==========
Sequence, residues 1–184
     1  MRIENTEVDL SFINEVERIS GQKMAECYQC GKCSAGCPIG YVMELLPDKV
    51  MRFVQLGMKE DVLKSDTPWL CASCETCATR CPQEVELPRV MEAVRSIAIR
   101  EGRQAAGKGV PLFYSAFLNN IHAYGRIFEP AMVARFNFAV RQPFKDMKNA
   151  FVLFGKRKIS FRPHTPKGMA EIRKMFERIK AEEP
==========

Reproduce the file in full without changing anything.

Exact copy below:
Sequence, residues 1–184
     1  MRIENTEVDL SFINEVERIS GQKMAECYQC GKCSAGCPIG YVMELLPDKV
    51  MRFVQLGMKE DVLKSDTPWL CASCETCATR CPQEVELPRV MEAVRSIAIR
   101  EGRQAAGKGV PLFYSAFLNN IHAYGRIFEP AMVARFNFAV RQPFKDMKNA
   151  FVLFGKRKIS FRPHTPKGMA EIRKMFERIK AEEP